Phorn Tem said he never thought he’d come back to the United States after he was deported to Cambodia in April 2018.
Seven months later, he became the first Cambodian deportee to return to the country. And on June 24, he became the first Cambodian returnee to become a U.S. citizen, emerging as a symbol of hope to his community.
“When Phorn got his citizenship, it was really exciting for us,” Nate Tan, co-director of the Asian Prisoner Support Committee, an organization involved in a campaign to allow Cambodian deportees to reunite with their families, told NBC News. “There’s this belief that once you get deported, that’s the final sentence of your life and there’s no chance of returning to a life back here, let alone a life with citizenship.”
More than 700 Cambodians have been deported from the United States since it signed a repatriation agreement with Cambodia in 2002. Four have returned since then. But it’s an occurrence advocates hope will become more common and one they expect to see more in the future, made possible by changing immigration laws.
It’s what allowed Tem to return.
Tem, 35, received a removal order due to a 2009 conviction of possession for sale of marijuana. A 2017 California law allowed him to vacate his order in criminal court. That law allows individuals no longer in criminal custody to file a motion to vacate a conviction or sentence based on two reasons. One is if a conviction or sentence is legally invalid due to prejudicial error (which could include a court-related error), preventing the individual from understanding the immigration consequences of pleading guilty or no contest. The other is if new evidence of an individual’s innocence is discovered.
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Melanie Kim, a staff attorney at Asian Americans Advancing Justice – Asian Law Caucus who worked on Tem’s case, previously said that before this law, it would have been impossible for Tem to reverse the immigration consequences of his drug conviction.
Tem in an email said he felt honored to become a U.S. citizen and that becoming one has lifted several burdens he had previously carried, including the cost of renewing his work authorization card and not being able to travel freely.
“I’m just relieved, and looking forward to exercising my rights as a citizen and voting,” he said.
Citizenship is a possibility not only for Cambodian returnees, but also those facing deportation who are able to get their removal order terminated.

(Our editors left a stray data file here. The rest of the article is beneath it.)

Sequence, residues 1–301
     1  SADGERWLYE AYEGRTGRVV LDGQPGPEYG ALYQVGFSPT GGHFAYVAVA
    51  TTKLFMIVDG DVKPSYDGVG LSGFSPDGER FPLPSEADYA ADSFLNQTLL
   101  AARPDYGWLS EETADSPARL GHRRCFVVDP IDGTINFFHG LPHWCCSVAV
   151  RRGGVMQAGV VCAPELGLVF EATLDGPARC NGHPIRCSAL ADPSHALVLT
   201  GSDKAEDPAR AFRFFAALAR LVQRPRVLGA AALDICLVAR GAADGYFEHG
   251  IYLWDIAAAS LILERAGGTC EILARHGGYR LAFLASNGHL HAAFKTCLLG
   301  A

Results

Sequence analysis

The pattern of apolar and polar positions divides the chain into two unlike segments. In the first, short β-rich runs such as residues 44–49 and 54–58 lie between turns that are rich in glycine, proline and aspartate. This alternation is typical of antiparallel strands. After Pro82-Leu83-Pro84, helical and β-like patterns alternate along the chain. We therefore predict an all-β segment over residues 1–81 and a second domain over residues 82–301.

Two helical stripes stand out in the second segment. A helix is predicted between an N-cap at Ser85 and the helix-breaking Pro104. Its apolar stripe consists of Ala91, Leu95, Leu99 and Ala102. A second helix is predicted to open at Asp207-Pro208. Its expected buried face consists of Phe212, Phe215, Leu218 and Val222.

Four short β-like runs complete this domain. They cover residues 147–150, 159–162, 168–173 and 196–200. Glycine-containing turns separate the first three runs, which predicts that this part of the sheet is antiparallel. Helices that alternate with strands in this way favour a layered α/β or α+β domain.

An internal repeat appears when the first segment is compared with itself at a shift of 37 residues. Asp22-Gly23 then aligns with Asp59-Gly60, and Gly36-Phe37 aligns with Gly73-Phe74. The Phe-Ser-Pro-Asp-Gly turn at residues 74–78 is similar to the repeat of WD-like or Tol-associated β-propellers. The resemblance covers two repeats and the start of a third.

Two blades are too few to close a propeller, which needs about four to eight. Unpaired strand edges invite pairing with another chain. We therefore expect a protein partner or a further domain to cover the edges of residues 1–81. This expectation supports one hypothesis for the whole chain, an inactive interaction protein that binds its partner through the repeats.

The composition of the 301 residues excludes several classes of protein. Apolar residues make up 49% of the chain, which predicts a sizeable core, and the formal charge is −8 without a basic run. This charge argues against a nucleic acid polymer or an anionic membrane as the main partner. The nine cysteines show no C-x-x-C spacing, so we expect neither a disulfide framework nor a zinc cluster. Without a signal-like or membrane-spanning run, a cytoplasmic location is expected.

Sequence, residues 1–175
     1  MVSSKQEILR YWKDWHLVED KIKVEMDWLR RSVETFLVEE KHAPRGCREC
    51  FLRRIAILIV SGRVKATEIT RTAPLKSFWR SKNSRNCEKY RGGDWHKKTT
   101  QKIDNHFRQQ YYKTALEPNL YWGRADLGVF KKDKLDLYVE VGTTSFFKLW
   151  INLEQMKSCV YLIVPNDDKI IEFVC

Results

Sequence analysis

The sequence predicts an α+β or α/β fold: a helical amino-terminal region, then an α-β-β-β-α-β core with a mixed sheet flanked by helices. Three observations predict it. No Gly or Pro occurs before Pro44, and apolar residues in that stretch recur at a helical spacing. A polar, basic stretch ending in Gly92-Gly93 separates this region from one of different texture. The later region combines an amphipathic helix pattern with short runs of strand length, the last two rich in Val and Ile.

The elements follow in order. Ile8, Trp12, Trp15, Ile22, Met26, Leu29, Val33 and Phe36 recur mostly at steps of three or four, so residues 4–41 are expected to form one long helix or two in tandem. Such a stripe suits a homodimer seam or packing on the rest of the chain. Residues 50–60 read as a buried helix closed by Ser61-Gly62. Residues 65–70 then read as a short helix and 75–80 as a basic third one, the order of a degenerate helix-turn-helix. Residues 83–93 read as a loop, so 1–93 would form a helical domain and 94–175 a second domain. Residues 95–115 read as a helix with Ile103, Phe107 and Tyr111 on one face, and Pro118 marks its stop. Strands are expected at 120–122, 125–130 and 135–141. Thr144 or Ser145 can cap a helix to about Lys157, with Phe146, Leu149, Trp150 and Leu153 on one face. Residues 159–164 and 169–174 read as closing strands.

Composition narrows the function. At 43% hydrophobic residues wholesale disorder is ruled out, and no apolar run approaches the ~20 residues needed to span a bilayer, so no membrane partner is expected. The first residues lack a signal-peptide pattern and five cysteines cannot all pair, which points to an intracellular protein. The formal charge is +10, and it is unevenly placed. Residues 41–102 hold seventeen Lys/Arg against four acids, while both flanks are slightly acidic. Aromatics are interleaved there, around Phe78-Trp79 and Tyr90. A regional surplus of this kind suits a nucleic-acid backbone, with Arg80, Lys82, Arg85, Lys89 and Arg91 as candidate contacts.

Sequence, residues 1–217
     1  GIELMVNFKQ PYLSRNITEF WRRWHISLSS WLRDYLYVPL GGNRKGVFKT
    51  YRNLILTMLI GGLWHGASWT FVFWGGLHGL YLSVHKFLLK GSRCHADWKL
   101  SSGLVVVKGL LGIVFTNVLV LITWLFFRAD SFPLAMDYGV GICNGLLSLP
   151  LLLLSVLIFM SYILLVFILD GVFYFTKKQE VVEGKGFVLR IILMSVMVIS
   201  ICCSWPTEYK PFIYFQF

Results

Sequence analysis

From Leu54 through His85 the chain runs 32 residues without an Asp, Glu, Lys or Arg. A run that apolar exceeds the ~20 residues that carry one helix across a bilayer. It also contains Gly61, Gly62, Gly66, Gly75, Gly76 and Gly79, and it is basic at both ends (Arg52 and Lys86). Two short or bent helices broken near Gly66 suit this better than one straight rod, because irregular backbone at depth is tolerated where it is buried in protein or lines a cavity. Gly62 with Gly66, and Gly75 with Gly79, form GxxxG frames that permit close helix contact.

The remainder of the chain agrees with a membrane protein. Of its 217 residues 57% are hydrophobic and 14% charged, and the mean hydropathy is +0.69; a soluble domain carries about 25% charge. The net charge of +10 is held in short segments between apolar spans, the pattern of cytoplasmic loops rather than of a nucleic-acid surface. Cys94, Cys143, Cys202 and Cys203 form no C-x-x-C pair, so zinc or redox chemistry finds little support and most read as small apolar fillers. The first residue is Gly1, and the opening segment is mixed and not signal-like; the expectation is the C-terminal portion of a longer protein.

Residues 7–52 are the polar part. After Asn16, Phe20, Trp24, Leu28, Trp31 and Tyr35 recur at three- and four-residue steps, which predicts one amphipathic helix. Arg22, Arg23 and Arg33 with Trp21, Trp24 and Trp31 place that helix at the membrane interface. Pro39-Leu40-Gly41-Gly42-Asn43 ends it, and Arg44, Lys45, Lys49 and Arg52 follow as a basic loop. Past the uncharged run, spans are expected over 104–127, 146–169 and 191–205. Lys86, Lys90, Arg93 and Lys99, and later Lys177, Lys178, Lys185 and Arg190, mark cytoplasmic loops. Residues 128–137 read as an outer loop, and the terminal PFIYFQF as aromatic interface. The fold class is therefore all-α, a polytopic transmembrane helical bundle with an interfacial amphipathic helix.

Kim noted that many Cambodian refugees were lawful permanent residents prior to getting caught up in the criminal legal system and receiving orders of removal. If an individual’s order is terminated, their status will be reinstated. Afterward, they can fulfill the normal requirements for citizenship and apply.
“Every time someone returns or someone’s citizenship gets reinstated, there’s this buzz of excitement,” Tan said. “There’s this buzz of possibility, there’s this buzz of glimmering hope that maybe they, too, can.”
The campaign the Asian Prisoner Support Committee is involved in, the Right to Reunite, is advocating for the return of four Cambodian deportees, one of whom has been out of the United States since 2004.
“So much has changed in the last five years alone in regards to what’s a deportable offense and what isn’t anymore,” Tan said. “Some people have been deported on deportable offenses at the time. But because laws change, their offense is no longer deportable.”
Tem’s sister, Sarim, said she hopes her brother’s story inspires other deportees to remain hopeful no matter what situation they find themselves in. Like her brother, she didn’t think he would return, she said. But she didn’t allow that to stop herself from working with Kim to find a way to get him home.
“Never give up the fight. Keep trying. And if it takes some time, it might take some time,” she said. “Just do something better with yourself. Become better out there. Do different.”
Tem recalled how, when he was deported, everyone around him told him not to waste any time trying to return because nobody had done it before.
But for individuals facing deportation and those who have been deported, including those who may have already established new lives in Cambodia, he encourages them to consult with an attorney to explore their options and to monitor immigration laws.
“Seek some help even though you have a career and family already out there,” he said. “I believe everyone should have the right to return, even for a visit.”